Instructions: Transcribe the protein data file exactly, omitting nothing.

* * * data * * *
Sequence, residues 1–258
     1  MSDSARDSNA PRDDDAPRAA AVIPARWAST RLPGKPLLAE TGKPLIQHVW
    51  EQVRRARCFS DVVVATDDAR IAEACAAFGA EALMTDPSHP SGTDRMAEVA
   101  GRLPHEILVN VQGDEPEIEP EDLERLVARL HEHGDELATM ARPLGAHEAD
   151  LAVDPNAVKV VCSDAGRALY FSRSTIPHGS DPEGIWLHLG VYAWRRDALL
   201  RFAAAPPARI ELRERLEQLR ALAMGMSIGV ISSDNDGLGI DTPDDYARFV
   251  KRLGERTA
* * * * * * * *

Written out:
Sequence, residues 1–258
     1  MSDSARDSNA PRDDDAPRAA AVIPARWAST RLPGKPLLAE TGKPLIQHVW
    51  EQVRRARCFS DVVVATDDAR IAEACAAFGA EALMTDPSHP SGTDRMAEVA
   101  GRLPHEILVN VQGDEPEIEP EDLERLVARL HEHGDELATM ARPLGAHEAD
   151  LAVDPNAVKV VCSDAGRALY FSRSTIPHGS DPEGIWLHLG VYAWRRDALL
   201  RFAAAPPARI ELRERLEQLR ALAMGMSIGV ISSDNDGLGI DTPDDYARFV
   251  KRLGERTA